Wolfson Economics Prize – Uxcester Garden City
Our essay draws upon URBED’s experience over many years designing neighbourhoods and working to improve the quality of development in the UK. Through this debate we have come to the fundamental conclusion that it is probably impossible to create a Garden City of any scale from scratch in the current economic climate. The first part of the essay describes why this is and why we have concluded that it is better to graft a Garden City onto the strong root-stock of an existing city. Through the essay, we address the fundamental questions posed by the competition: vision, popularity and economic viability and governance.
We illustrate how the city of Uxcester could double its size by adding three substantial urban extensions each housing around 50,000 people.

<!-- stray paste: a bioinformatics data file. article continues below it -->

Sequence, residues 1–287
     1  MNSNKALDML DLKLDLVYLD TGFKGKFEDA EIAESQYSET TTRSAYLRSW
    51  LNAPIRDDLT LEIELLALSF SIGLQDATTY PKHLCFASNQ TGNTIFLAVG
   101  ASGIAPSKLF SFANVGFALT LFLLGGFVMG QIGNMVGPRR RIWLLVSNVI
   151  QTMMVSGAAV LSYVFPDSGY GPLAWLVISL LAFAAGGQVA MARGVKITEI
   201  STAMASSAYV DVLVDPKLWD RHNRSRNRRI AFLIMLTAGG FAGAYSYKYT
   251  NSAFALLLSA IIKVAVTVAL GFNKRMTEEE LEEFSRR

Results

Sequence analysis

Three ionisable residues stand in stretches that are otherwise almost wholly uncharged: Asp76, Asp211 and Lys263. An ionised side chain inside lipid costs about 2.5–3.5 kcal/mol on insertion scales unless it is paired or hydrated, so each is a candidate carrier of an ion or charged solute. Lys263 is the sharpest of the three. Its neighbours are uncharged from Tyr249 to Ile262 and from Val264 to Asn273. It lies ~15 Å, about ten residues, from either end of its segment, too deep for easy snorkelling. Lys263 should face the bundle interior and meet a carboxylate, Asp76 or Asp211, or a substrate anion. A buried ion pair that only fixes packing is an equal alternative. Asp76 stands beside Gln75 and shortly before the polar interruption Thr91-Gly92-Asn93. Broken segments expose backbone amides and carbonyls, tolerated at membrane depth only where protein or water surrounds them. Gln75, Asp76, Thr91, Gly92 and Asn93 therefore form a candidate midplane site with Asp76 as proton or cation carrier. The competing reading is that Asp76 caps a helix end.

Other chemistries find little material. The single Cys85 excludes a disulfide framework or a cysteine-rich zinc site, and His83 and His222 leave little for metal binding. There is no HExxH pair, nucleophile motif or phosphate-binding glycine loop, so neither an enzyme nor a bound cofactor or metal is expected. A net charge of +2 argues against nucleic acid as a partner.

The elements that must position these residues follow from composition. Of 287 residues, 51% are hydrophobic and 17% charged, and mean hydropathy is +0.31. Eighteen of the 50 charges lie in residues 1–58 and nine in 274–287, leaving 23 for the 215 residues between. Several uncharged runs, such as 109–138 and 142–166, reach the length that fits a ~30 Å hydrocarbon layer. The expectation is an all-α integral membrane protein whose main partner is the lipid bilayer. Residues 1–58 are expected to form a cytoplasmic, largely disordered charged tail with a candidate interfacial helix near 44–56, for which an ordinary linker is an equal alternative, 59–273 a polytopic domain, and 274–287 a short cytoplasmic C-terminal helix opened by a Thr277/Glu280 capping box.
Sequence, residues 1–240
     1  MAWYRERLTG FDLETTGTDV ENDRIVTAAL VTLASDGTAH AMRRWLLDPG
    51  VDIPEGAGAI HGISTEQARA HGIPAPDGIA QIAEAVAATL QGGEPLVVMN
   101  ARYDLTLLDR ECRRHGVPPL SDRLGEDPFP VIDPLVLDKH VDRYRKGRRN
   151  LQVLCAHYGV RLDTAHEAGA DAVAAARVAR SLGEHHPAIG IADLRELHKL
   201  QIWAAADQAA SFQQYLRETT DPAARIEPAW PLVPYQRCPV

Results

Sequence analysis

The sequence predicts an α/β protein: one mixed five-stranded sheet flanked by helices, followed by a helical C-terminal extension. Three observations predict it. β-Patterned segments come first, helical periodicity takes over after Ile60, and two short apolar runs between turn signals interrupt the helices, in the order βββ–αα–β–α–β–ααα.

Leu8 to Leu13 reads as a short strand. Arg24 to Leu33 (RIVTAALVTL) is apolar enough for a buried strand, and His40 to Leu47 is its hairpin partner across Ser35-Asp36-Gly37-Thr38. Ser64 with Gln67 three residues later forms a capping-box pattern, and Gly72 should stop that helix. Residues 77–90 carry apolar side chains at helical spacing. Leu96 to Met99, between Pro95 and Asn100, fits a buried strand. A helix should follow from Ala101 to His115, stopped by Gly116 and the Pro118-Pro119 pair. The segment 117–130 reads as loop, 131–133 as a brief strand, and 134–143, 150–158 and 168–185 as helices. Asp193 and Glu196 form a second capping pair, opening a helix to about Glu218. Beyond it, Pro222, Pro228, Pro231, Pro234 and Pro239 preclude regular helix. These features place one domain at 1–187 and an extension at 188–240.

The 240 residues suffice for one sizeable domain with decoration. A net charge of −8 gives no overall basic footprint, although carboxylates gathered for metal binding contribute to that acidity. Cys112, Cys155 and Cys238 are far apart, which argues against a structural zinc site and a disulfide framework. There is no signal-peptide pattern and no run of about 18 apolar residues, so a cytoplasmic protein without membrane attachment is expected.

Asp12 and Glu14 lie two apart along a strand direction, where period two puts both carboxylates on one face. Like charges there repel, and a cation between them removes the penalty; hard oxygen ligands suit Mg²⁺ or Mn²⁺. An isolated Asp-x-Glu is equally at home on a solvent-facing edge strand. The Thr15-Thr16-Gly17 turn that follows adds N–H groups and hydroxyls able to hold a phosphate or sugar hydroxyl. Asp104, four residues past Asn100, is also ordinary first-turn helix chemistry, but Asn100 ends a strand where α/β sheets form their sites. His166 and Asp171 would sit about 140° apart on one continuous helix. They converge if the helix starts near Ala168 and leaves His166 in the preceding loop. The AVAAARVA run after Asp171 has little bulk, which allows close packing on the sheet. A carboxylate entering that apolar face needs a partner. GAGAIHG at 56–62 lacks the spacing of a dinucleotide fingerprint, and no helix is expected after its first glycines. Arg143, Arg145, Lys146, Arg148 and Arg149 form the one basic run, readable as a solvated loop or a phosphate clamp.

Extending an existing city solves some problems but creates others. We suggest a ‘Social Contract’ that would address the concerns of the community.
Economic Viability and Governance
In the absence of large scale subsidy the only solution to the economics of the Garden City is what Ebenezer Howard called the ‘unearned increment’. We propose a deal for landowners, selling sites to developers at a fixed price and providing infrastructure collectively. The process would be managed by a Garden City Trust that would be owned jointly by the local councils, central government, the local community and land owners.